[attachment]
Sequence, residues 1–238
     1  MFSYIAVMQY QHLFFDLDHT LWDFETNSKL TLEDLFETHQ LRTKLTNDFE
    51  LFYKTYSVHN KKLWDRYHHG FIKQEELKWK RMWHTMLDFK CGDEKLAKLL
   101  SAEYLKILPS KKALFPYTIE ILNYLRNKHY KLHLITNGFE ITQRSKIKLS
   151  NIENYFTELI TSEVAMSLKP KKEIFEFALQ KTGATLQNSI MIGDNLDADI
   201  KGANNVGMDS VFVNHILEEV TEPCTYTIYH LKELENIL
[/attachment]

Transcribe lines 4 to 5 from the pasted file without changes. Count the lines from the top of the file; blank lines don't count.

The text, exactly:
   101  SAEYLKILPS KKALFPYTIE ILNYLRNKHY KLHLITNGFE ITQRSKIKLS
   151  NIENYFTELI TSEVAMSLKP KKEIFEFALQ KTGATLQNSI MIGDNLDADI